MUMBAI - India's central bank took a slew of measures on Wednesday to boost foreign exchange inflows, including allowing overseas investors to buy short-term corporate debt and opening of more government securities under the fully accessible route.
The steps came after the Reserve Bank of India's foreign exchange reserves fell by more than $40 billion over the past nine months, largely due to the RBI's intervention in the currency market to cap rupee losses.
The Indian currency has shed about 6% of its value against the dollar since the beginning of this year. The rupee closed trading on Wednesday at 79.3025 per dollar, not far from its record low of 79.3750 touched on Tuesday.
The RBI said it would allow foreign investors to buy 7- and 14-year tenure government bonds without any upper limits under its "fully accessible route", along with previously opened-up 5-, 10- and 30-year tenure securities.
"While it is difficult to ascertain the quantum of flows, the measures are attractive for banks and FPIs," said Suvodeep Rakshit, senior economist at Kotak Institutional Equities.
Rakshit said India's macro situation is better than during the 2013 taper tantrum period but these measures would alleviate and pre-empt the adverse impact on the external sector balance.
The RBI said it was taking the new measures to "enhance forex inflows while ensuring overall macroeconomic and financial stability".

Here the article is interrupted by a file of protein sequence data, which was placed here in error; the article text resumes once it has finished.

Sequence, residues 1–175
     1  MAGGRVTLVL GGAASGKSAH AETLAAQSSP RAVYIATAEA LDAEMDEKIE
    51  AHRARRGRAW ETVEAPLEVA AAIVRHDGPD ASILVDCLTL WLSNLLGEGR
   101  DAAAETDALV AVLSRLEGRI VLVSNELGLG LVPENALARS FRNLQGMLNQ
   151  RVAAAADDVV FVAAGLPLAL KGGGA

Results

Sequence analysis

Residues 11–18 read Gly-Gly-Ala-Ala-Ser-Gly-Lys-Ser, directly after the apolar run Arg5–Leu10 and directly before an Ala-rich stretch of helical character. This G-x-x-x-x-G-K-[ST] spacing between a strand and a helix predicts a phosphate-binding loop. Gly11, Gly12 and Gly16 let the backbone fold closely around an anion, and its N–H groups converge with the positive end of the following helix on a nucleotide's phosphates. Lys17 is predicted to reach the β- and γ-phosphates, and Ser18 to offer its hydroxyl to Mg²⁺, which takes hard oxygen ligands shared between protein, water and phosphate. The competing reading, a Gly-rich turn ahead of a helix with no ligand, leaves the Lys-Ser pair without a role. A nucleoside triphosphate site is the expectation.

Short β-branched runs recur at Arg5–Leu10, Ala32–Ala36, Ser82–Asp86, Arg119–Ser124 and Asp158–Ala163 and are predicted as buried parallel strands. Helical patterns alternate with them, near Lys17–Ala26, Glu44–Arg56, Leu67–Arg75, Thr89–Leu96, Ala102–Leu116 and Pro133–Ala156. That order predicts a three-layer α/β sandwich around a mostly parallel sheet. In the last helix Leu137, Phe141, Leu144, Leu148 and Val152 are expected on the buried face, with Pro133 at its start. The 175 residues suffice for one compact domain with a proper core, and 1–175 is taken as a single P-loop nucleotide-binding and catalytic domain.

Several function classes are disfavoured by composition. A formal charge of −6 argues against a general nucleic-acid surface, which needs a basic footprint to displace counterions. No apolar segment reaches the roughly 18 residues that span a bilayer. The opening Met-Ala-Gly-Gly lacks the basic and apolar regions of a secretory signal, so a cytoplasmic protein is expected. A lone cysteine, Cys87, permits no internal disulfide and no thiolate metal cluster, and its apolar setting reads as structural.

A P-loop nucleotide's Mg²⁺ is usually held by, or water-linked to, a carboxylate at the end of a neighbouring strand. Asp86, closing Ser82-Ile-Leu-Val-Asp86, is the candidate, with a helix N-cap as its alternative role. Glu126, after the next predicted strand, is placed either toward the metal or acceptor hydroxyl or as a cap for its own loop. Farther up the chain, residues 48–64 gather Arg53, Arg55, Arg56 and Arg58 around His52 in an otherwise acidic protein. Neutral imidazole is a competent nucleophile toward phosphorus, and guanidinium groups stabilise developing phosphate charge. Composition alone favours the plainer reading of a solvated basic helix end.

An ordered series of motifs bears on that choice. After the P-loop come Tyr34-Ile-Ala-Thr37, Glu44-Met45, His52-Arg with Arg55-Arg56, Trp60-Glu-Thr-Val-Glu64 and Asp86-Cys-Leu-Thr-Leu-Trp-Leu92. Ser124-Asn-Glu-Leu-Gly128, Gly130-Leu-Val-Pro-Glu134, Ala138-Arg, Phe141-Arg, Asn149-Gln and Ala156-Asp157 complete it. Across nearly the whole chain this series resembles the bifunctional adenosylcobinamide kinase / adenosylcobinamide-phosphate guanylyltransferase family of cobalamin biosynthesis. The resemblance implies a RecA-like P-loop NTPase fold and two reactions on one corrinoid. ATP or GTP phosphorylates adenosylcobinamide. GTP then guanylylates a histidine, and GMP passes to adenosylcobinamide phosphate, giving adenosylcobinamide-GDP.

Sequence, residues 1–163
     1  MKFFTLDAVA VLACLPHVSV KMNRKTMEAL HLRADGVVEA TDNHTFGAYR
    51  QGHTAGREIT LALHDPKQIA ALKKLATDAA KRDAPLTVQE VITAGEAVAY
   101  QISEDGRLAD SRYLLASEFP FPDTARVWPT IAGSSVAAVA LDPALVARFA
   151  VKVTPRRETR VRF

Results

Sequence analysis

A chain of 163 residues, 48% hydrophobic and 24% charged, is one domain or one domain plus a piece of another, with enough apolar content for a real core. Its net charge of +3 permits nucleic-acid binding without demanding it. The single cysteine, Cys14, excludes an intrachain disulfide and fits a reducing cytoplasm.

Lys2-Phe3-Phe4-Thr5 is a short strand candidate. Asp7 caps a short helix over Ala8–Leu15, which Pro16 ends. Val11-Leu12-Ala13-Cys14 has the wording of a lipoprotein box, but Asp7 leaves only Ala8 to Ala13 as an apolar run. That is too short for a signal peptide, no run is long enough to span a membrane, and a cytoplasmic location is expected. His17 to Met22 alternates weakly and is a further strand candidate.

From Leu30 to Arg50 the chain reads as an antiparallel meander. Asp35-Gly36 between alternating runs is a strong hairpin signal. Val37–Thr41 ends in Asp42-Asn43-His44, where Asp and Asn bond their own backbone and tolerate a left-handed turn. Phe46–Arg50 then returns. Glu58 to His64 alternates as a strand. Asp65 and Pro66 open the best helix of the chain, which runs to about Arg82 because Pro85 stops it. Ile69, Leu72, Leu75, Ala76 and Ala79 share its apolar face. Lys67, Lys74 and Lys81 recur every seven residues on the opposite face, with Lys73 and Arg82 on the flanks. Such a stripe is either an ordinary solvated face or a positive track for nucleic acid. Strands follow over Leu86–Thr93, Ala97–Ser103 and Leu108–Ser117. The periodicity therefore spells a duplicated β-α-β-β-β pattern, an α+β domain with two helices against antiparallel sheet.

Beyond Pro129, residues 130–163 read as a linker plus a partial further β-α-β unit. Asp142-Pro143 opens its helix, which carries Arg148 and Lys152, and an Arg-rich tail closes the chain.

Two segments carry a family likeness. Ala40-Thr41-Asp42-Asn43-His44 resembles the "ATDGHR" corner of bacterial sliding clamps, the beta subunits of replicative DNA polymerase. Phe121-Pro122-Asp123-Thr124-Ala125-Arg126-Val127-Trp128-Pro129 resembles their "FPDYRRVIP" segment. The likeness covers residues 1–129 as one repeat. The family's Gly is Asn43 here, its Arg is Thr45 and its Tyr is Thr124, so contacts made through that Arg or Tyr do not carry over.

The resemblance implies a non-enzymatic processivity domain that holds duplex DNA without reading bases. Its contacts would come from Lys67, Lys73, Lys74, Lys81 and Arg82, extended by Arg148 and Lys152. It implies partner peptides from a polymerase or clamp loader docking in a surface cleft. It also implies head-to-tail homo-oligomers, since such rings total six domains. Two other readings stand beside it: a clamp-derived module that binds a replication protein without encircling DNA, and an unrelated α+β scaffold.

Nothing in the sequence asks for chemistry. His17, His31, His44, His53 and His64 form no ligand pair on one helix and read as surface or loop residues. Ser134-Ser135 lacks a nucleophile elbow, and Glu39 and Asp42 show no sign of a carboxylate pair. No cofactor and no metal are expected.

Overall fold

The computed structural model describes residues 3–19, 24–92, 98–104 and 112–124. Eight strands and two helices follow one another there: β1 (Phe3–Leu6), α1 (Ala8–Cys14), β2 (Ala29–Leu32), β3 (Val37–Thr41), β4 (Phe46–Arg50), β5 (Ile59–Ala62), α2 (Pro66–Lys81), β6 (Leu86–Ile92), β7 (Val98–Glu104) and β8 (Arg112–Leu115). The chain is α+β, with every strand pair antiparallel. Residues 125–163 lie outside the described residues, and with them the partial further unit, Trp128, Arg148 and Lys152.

It also allowed banks to raise deposit rates for non-resident Indians to levels higher than prevailing domestic deposit rates for a limited period.
Banks can accept deposits from non-resident Indians at higher rates from July 7 until Oct. 31.
"These measures, including raising the borrowing limits for companies as well as liberalising offshore ownership in government debt, are intended to ease onshore dollar tightness and support the rupee," said Radhika Rao, economist at DBS Bank.
Further, the central bank raised the external commercial annual borrowing limit for Indian corporates under the automatic route to $1.5 billion per company from $750 million.
A senior executive at a state-run bank said the RBI measures could also bring down short-term borrowing rates, now very high, and though they might not lure immediate inflows, they are a signal to the market that the RBI is there to come up with innovative measures as and when needed.
"All the measures announced are temporary with in-built sunset clause," said Vivek Kumar, an economist with QuantEco Research. "We believe these measures can provide some stability to the rupee. However, they are unlikely to alter the trajectory of weakness perpetuated by global factors."
(Additional reporting by Aftab Ahmed and Nupur Anand; editing by Andrew Heavens, Frank Jack Daniel and Mark Heinrich)